golden-eyed lacewing

(Chrysopa oculata)

Conservation Status
golden-eyed lacewing
Photo by Alfredo Colon
  IUCN Red List

not listed

     
  NatureServe

NNR - Unranked

     
  Minnesota

not listed

     
           
           
           
 
Description
 
 

Golden-eyed lacewing is a small, very common, typical green lacewing. It occurs in Mexico, in Central America, and throughout North America. It is the most common lacewing in eastern North America. It is common in Minnesota. They are found from May through October on grass, weeds, and shrubs, in fields, meadows, and other relatively open areas.

Adults are soft-bodied and small, ½ to 916 (12 to 14 mm) in length. The body is long and slender, and has a delicate appearance. The thorax and abdomen are pale green. There are small dark spots on the exoskeletal plate (pronotum) on the upper side of the thorax.

The upper side of the head (vertex) has two pairs of black spots. The lateral groove on the vertex near the margin of the compound eye is completely pale. The upper part of the face (frons) has a black mark. This mark appears as two bold crescents, one below each antennal socket, that meet between the sockets; and a thin line that runs around the outer and upper sides of each socket. There is a red Y-shaped mark between the antennal sockets with arms that stretch well above the sockets. The compound eyes are hemispherical and golden or copper colored. The antennae are hair-like and two-thirds as long as the body. On the base of each antenna on the lower half of upper side there is a reddish band. The band is not separated by a black X-shaped mark. The second antennal segment has a black ring.

The wings are pale green and clear with many green veins and many black cross veins. They are at least 25% longer than the body. They appear to be hairless, but there are short hairs along the margins and on the veins that are visible only under magnification. The forewing appears to have just one radial sector. The subcosta vein (Sc) and the anterior branch of the redius (R1) are not fused at the wing tip. The cross veins at the leading (costal) margin are not forked.

Third stage (instar) larva is alligator-like in appearance and ¼ to 5 16 long. It has long, sickle-shaped mandibles and well-developed legs which allow it to move quickly.

 
     
 

Size

 
 

Total Length: ½ to 916 (12 to 14 mm)

 
     
 

Similar Species

 
     
     
 
Habitat
 
 

Fields, meadows

 
     
 
Biology
 
 

Season

 
 

Three generations per year: May through October

 
     
 

Behavior

 
 

Adults are nocturnal, active from sunset to sunrise. They are attracted to lights. They may emit an unpleasant odor when handled.

 
     
 

Life Cycle

 
 

The female lays eggs singly on foliage. She can lay two to five eggs per day and several hundred over her lifetime. The eggs are oval and held at the end of long, slender stalks. They hatch in three to six days and the larvae pass through three instars in two to three weeks. They pupate in a silk, pea-shaped cocoon. Pupa overwinter in the soil and adults emerge in the spring.

 
     
 

Larva Food

 
 

Mostly aphids

 
     
 

Adult Food

 
 

Mostly aphids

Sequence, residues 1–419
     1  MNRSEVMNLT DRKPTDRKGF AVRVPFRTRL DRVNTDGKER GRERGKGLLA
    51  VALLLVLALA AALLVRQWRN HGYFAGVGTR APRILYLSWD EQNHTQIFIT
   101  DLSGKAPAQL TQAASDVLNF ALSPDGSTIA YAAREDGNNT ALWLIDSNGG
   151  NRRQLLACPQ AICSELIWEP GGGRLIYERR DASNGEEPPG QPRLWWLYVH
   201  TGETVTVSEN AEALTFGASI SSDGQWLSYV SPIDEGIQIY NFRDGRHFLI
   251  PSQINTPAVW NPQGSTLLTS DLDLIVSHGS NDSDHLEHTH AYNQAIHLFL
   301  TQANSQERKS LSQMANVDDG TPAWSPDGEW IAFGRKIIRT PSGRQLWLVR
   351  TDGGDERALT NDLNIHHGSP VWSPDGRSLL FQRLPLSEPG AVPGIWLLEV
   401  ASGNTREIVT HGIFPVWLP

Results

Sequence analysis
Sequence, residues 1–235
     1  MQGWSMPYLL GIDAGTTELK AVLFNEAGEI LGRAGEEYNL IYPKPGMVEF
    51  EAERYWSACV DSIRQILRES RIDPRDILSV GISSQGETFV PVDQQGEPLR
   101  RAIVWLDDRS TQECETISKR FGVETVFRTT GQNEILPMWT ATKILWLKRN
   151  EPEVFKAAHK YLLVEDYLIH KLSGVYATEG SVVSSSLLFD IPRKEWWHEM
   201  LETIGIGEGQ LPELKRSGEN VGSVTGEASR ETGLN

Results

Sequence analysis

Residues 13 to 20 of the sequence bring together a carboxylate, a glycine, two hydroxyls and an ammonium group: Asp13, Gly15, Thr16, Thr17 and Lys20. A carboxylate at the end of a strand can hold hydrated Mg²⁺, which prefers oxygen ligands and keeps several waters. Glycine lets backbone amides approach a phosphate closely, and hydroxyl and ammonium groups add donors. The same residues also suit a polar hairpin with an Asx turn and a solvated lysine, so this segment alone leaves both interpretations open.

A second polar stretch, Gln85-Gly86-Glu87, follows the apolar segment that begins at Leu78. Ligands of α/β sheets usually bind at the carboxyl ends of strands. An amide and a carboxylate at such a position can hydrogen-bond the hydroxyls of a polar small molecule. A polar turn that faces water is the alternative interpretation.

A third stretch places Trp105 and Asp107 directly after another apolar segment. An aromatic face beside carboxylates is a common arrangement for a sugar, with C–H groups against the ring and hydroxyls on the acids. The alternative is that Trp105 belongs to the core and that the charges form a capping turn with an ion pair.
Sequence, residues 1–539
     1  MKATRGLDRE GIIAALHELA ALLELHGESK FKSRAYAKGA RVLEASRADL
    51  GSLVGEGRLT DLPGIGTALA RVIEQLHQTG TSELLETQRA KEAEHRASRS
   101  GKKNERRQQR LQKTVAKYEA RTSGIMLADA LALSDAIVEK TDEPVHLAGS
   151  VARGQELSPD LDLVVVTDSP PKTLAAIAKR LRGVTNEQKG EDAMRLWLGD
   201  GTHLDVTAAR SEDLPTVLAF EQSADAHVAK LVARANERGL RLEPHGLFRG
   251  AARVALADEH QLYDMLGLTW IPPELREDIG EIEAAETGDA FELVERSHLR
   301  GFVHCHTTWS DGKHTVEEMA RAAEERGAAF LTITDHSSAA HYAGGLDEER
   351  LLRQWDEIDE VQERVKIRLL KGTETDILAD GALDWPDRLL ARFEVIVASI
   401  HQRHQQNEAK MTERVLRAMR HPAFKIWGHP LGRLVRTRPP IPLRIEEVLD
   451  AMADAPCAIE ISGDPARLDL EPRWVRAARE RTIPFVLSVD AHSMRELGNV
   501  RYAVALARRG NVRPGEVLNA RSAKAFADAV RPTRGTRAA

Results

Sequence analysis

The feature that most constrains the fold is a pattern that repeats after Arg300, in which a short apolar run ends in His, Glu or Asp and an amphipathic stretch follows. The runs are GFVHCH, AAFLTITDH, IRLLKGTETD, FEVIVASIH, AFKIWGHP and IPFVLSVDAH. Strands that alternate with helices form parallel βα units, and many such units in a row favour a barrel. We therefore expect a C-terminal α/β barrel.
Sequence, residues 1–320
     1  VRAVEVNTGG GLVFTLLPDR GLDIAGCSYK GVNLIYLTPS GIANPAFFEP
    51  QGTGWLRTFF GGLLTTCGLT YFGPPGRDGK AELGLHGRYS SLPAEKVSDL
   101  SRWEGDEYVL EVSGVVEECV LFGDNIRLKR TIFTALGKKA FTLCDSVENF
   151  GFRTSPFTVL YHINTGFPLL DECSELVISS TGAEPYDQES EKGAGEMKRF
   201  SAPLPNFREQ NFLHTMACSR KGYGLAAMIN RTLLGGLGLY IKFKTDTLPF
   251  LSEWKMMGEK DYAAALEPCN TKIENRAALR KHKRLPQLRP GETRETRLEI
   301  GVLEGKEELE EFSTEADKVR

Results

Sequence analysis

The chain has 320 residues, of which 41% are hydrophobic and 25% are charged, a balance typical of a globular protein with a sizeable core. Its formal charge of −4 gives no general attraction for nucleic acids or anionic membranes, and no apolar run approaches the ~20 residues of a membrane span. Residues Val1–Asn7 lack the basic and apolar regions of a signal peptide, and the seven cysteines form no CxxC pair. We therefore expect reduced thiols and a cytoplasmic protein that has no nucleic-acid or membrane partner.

Distribution
 
 

Distribution Map

 

Sources

24, 27, 29, 30, 82.

 
  10/14/2020      
         
 

Occurrence

 
 

Common in Minnesota

 
         
 
Taxonomy
 
 

Order

Neuroptera (antlions, owlflies, lacewings, mantidflies and allies)  
 

Suborder

Hemerobiiformia (lacewings, mantidflies and allies)  
 

Family

Chrysopidae (green lacewings)  
 

Subfamily

Chrysopinae (typical green lacewings)  
 

Tribe

Chrysopini  
 

Genus

Chrysoperla  
       
 

Eight previously recognized subspecies have been raised to genus level, transferred out of this genus, or reduced to synonyms.

 
       
 

Synonyms

 
 

Chrysopa albicornis

Chrysopa conspersa

Chrysopa mexicana

 
       
 

Common Names

 
 

golden-eyed green lacewing

golden-eyed lacewing

goldeneye lacewing

 
       

 

 

 

 

 

 

Glossary

Costal margin

The leading edge of the forewing of insects.

 

Frons

The upper part of an insect’s face, roughly corresponding to the forehead.

 

Instar

The developmental stage of arthropods between each molt; in insects, the developmental stage of the larvae or nymph.

 

Pronotum

The saddle-shaped, exoskeletal plate on the upper side of the first segment of the thorax of an insect.

 

Vertex

The upper surface of an insect’s head.

 

 

 

 

 

       
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Alfredo Colon
       
  golden-eyed lacewing    
       
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Other Videos
 
  Golden-eyed Lacewing (Chrysopidae: Chrysopa oculata) Close-up
Carl Barrentine
 
   
 
About

Jul 29, 2011

Photographed at Fisher, Minnesota (29 July 2011). Thank you to 'v belov' (@Bugguide.net) for confirming the identity of this specimen!

   
       
  Green Lacewing (Chrysopidae: Chrysopa oculata) on Wall
Carl Barrentine
 
   
 
About

Aug 15, 2010

Photographed near Fisher, Minnesota (14 August 2010).

   
       

 

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Alfredo Colon
8/7/2019

Location: Woodbury, Minnesota

golden-eyed lacewing


     
     
 
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Created: 10/14/2020

Last Updated:

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